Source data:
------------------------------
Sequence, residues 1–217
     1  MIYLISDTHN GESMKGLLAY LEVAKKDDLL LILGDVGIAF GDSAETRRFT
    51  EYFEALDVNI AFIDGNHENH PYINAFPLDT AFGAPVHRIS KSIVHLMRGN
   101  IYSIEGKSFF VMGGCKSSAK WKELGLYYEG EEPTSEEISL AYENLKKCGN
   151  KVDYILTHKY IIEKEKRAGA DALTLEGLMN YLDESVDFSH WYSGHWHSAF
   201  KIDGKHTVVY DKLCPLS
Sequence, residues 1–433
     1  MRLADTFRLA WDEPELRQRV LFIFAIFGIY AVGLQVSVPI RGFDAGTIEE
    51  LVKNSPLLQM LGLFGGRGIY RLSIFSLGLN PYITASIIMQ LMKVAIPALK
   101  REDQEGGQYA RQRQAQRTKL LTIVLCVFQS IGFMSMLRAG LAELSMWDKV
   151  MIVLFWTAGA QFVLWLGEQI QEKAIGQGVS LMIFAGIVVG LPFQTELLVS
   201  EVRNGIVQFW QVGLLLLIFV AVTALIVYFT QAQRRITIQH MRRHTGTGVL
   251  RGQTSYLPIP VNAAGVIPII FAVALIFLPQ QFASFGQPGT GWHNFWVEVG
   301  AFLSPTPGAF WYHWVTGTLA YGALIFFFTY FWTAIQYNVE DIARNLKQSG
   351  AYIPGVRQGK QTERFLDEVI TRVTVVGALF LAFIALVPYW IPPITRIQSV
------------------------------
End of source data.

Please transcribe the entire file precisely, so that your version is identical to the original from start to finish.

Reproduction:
Sequence, residues 1–217
     1  MIYLISDTHN GESMKGLLAY LEVAKKDDLL LILGDVGIAF GDSAETRRFT
    51  EYFEALDVNI AFIDGNHENH PYINAFPLDT AFGAPVHRIS KSIVHLMRGN
   101  IYSIEGKSFF VMGGCKSSAK WKELGLYYEG EEPTSEEISL AYENLKKCGN
   151  KVDYILTHKY IIEKEKRAGA DALTLEGLMN YLDESVDFSH WYSGHWHSAF
   201  KIDGKHTVVY DKLCPLS
Sequence, residues 1–433
     1  MRLADTFRLA WDEPELRQRV LFIFAIFGIY AVGLQVSVPI RGFDAGTIEE
    51  LVKNSPLLQM LGLFGGRGIY RLSIFSLGLN PYITASIIMQ LMKVAIPALK
   101  REDQEGGQYA RQRQAQRTKL LTIVLCVFQS IGFMSMLRAG LAELSMWDKV
   151  MIVLFWTAGA QFVLWLGEQI QEKAIGQGVS LMIFAGIVVG LPFQTELLVS
   201  EVRNGIVQFW QVGLLLLIFV AVTALIVYFT QAQRRITIQH MRRHTGTGVL
   251  RGQTSYLPIP VNAAGVIPII FAVALIFLPQ QFASFGQPGT GWHNFWVEVG
   301  AFLSPTPGAF WYHWVTGTLA YGALIFFFTY FWTAIQYNVE DIARNLKQSG
   351  AYIPGVRQGK QTERFLDEVI TRVTVVGALF LAFIALVPYW IPPITRIQSV